The public co-funding is crucial for us. Due to the high-risk and long-term investment, the private investors will not take this risk alone. By having both the message from the politicians and authorities that they believe in this, and the money to back it up, the private investments can leverage on this.

Rather than grants or funding, which is often used, I would like to call them public investments, as the short-term expenditures in R&D&I are benefitting the industries and academia we are working with, and the outcome when wave energy become a successful, commercially viable energy source will have an immense value on both the climate, the environment, and the society.

Considering these are mainly EU initiatives, how has this influenced your target markets? Are you considering EU locations over non-EU small islands due to this?

Yes and no. The world is our market. Having said this, we have in our first step focused on locations where the “non-technical” challenges are as few as possible. There will always be these challenges, but there is a difference to install a wave energy farm in a location that already has a good infrastructure compared to one where there is a high dependency on other investments. This means that we have focused on European related locations to begin with.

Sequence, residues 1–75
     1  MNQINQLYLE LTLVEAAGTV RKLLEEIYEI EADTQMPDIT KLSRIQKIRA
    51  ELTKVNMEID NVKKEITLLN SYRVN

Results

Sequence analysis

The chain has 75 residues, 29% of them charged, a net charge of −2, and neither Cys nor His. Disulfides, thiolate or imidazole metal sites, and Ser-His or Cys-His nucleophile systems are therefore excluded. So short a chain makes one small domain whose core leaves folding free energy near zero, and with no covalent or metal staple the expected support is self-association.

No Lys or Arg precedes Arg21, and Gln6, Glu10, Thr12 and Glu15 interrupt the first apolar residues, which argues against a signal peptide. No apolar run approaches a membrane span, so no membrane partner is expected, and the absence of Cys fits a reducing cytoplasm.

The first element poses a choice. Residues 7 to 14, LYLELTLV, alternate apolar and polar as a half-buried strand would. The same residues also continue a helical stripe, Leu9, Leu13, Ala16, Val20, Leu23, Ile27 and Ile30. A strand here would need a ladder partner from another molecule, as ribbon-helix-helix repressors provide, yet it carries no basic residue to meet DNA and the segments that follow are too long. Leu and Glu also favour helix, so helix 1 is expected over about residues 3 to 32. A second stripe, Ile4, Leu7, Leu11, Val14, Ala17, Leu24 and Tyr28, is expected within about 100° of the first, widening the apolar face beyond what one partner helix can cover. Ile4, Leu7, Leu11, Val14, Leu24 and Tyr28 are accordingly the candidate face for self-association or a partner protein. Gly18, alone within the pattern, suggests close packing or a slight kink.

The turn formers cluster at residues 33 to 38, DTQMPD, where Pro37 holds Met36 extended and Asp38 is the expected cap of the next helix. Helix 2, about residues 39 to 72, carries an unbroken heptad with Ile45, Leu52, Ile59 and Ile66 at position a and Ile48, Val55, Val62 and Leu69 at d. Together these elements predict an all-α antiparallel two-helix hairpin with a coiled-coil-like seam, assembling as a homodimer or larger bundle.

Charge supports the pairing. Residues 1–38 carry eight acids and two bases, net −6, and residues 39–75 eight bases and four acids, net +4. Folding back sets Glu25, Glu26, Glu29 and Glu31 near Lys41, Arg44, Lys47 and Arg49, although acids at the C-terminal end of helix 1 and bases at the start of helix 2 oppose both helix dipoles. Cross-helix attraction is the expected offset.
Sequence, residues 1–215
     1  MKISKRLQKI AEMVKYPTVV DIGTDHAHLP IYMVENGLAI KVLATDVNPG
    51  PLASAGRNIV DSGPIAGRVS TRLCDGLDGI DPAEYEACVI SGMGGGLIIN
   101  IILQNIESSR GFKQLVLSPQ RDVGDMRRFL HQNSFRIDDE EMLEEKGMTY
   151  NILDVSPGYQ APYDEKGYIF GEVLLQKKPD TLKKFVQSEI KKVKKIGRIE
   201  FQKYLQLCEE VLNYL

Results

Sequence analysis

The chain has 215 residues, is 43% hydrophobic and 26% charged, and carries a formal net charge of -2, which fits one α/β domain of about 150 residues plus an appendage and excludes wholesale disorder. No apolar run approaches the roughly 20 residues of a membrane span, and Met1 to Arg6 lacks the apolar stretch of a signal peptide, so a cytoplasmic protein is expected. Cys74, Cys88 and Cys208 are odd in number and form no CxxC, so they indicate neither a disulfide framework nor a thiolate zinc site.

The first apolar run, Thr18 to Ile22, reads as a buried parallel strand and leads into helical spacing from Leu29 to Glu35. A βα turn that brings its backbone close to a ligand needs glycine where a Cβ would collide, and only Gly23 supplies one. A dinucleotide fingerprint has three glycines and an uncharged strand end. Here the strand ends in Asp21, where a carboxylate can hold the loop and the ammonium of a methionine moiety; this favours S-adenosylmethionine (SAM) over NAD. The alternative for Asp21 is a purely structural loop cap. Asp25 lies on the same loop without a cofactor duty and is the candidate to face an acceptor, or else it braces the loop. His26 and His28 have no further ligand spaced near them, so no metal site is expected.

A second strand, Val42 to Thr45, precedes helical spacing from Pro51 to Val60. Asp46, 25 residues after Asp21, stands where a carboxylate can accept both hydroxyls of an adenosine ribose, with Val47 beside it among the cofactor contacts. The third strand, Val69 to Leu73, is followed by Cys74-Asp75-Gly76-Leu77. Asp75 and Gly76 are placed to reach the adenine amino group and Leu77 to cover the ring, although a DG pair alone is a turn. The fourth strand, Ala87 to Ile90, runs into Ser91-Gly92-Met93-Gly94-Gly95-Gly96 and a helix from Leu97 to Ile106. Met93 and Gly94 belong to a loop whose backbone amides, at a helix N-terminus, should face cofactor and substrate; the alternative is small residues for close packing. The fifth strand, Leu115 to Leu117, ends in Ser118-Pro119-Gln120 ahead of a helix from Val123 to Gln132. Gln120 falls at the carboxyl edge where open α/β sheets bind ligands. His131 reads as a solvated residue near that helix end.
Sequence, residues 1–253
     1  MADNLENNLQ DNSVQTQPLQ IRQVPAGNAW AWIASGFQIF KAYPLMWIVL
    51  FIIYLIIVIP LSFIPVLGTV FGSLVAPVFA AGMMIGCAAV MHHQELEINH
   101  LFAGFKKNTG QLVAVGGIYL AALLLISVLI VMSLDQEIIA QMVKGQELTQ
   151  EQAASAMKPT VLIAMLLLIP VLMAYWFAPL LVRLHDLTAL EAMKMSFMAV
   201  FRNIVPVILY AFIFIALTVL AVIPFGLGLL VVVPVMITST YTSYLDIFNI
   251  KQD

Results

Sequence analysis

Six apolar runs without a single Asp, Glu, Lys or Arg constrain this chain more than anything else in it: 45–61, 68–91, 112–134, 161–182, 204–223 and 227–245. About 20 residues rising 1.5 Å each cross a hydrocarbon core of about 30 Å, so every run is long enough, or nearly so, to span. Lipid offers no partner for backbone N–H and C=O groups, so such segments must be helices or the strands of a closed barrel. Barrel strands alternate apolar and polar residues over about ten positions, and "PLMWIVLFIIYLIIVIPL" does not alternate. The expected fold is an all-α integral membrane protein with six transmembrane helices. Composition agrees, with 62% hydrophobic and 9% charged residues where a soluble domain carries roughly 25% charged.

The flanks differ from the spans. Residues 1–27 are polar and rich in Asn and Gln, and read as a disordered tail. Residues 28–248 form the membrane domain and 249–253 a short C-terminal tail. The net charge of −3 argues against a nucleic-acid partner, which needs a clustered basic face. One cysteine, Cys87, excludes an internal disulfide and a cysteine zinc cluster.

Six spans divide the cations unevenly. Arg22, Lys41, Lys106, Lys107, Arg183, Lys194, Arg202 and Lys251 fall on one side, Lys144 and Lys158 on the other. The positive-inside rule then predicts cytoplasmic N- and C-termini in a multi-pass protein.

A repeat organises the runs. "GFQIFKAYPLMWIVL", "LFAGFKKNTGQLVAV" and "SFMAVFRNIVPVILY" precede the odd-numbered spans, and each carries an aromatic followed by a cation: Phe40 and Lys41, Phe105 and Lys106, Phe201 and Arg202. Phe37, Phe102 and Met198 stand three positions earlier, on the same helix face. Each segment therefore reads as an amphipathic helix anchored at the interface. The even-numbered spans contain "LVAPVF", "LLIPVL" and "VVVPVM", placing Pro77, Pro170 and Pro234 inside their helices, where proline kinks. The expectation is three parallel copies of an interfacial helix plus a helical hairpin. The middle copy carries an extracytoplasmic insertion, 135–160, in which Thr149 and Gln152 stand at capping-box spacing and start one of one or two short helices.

At the same time, we also need to “follow the money” and support. So, if there is a large support and a higher likelihood of funding, then we are also looking at these sites.